Parkland dedication by-law - Balancing act
May 27, 2015
By Edward LaRusic
Newmarket’s draft parkland dedication by-law may be a double-edged sword. Intended to help the town meet its parkland obligations for future residents it may however deter developers from intensifying if the rate is deemed too high for them to build on the lands they own in Newmarket.
Town senior policy planner Marion Plaunt said that municipalities have a responsibility to ensure that there is adequate parkland for current and future residents.
“We did a very thorough analysis based on our parkland needs and the effect of the [Planning Act] parkland standard,” she said.
“You have to balance whether it’s going to impede or slow down development ... We’re putting a lot more people into a lot less area, and those people aren’t going to have back lawns. As a municipality, you have to look carefully at those long-term needs.”
The town has identified a need for an additional 104.8 ha of parkland to meet it projected population to 2031 at a standard of 2.2 ha per 1,000 residents (which is equivalent to 1 ha per 203 units). Determining that town parks could be acquired using other financial tools, the service level standard for the park dedication by-law was reduced to include only community and neighbourhood parks. With a parkland shortage staff has recommended the maximum alternative rate of 1 ha per 300 units.
Plaunt said that while developers may not be happy with the town using the maximum rate under the Planning Act, it is necessary to ensure that Newmarket is providing adequate parkland to its residents.
The by-law would have its greatest impact in the town’s intensificcation area-its urban growth centre- which permits buildings of up-to-17 storeys in height and with density bonusing allows up-to-20 storeys. Approved April 9 by York Region, the secondary plan for this area is currently under appeal.
“It’s going to be a problem in Newmarket to have the maximum alternative rate in the town’s intensification areas,” solicitor Ira Kagan (Kagan Shastri LLP) told NRU.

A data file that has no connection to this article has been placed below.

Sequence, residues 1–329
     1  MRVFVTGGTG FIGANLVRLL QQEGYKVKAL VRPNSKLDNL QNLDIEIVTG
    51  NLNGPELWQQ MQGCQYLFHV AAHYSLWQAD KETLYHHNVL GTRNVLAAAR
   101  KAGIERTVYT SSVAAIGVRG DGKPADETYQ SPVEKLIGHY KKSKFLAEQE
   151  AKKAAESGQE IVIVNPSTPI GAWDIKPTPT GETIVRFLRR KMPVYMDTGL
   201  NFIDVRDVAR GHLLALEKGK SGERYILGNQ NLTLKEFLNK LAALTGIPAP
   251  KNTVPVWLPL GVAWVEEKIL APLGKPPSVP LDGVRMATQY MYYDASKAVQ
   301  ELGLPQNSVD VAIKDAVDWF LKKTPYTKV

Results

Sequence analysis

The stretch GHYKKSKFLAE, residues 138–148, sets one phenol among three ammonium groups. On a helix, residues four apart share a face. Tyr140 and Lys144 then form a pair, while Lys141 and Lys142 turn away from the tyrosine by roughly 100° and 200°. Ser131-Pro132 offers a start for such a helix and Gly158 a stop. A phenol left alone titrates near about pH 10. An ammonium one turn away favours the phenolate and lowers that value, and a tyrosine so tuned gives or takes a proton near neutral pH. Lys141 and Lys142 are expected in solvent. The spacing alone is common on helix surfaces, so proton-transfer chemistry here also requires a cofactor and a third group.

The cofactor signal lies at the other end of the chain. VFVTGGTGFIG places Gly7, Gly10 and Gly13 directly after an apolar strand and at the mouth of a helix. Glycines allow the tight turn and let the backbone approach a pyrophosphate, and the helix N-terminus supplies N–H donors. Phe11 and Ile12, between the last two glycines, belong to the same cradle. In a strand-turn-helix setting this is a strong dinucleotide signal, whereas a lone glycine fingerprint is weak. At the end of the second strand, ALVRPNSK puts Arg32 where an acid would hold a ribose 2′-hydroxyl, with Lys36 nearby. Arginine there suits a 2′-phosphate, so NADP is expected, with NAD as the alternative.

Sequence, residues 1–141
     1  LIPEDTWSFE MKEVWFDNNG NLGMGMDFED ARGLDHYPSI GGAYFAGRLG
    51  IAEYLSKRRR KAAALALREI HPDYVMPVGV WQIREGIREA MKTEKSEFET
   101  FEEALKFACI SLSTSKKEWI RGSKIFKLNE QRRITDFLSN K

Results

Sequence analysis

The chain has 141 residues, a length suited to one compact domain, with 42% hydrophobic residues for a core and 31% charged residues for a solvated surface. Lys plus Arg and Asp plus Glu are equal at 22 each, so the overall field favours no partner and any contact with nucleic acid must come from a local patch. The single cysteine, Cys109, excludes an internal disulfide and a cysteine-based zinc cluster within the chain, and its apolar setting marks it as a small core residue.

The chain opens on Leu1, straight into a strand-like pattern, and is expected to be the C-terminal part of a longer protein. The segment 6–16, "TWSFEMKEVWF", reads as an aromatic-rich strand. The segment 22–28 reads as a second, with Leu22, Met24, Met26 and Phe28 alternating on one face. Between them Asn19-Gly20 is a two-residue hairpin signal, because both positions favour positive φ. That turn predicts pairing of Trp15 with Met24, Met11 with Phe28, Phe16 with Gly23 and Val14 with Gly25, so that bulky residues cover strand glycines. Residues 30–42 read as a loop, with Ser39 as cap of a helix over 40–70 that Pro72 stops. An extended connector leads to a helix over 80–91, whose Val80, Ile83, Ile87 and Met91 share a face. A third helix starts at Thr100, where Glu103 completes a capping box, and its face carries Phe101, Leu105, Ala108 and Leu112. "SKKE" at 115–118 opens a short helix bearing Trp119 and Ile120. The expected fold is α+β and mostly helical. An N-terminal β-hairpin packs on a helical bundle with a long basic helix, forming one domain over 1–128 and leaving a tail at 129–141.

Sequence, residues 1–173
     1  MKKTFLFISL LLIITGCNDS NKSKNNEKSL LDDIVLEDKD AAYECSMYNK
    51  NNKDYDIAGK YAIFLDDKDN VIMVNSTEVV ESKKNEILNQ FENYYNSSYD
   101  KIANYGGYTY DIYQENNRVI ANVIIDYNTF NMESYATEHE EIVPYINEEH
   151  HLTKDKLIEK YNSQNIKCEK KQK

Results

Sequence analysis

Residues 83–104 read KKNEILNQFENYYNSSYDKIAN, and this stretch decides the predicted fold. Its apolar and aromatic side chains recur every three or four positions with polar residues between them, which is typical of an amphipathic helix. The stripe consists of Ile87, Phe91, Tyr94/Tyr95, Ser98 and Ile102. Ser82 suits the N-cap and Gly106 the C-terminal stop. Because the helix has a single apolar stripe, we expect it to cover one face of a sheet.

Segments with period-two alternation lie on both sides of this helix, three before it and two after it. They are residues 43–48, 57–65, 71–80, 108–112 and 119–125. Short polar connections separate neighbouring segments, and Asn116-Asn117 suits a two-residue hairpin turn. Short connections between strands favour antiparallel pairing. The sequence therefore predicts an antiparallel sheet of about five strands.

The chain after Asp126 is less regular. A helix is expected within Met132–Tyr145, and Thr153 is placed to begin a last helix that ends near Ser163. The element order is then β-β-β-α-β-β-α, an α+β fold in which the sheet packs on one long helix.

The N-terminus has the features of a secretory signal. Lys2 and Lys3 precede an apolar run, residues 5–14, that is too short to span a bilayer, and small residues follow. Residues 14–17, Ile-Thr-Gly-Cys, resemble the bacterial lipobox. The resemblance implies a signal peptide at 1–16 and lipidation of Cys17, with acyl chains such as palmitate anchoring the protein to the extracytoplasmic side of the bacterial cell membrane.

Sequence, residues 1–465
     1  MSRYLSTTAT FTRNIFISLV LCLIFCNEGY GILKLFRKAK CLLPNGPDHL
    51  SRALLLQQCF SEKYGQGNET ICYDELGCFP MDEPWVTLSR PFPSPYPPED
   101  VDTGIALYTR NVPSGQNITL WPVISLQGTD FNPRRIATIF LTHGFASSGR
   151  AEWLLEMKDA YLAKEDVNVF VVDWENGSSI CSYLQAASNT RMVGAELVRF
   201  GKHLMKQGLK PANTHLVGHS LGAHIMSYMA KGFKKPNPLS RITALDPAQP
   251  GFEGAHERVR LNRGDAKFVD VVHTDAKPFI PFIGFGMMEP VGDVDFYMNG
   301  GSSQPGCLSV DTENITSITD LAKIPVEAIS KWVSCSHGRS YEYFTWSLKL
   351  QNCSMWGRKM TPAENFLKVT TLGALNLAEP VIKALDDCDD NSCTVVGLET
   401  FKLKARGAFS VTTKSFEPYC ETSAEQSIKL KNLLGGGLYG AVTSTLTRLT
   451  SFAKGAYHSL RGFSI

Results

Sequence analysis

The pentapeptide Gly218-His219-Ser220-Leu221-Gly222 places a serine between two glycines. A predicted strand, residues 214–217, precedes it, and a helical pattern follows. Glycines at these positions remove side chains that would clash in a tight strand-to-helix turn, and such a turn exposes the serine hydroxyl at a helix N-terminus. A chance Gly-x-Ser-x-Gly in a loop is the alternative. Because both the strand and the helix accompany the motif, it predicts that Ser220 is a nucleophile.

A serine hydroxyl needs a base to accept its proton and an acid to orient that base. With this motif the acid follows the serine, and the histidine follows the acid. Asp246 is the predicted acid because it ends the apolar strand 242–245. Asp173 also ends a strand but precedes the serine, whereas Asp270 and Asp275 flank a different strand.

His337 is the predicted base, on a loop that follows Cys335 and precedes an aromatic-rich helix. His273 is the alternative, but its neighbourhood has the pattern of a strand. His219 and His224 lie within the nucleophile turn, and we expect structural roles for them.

Kagan said the problem with using an alternative rate like 1 ha per 300 units is that it looks at the number of units on a piece of land, not how many people are actually living there. He noted that a building with half the units but taking up the same footprint would pay half the parkland dedication or cash-in-lieu, in effect encouraging inefficient use of the land and frustrating efforts to redevelop the property.
“The Provincial Policy Statement and growth plan actually encourage the provision of more units and more affordable units,” said Kagan. “In the GTA, the way you get more units and more affordable units with a limited land supply is by building on average, smaller units. [With the rate tied to the number of units,] ... the very same size building you had before, your parkland dedication now increases.”
To make it more appealing to landowners who could proceed with their development in the near future, staff is proposing that the draft parkland dedication by-law be phased in over a year period: 0.6 ha. per 300 dwelling units until January 2016 and 0.8 ha until January 2017 when the full rate would take eff ect.
While Newmarket’s official plan with its parkland dedication policy of 1 ha per 300 units was approved by York Region in 2012 without appeal, the same standard in Richmond Hill’s official plan policy was appealed to the Ontario Municipal Board. In its decision the board imposed a 25 per cent cap on the land or cash-in-lieu that could be conveyed to the town. Richmond Hill is currently appealing the decision to the divisional court. Parkland dedication by-laws cannot be appealed.
The town will be consulting with stakeholders, including the industry, on the draft parkland dedication by-law throughout June. Plaunt said staff would be reporting back to council in August or September.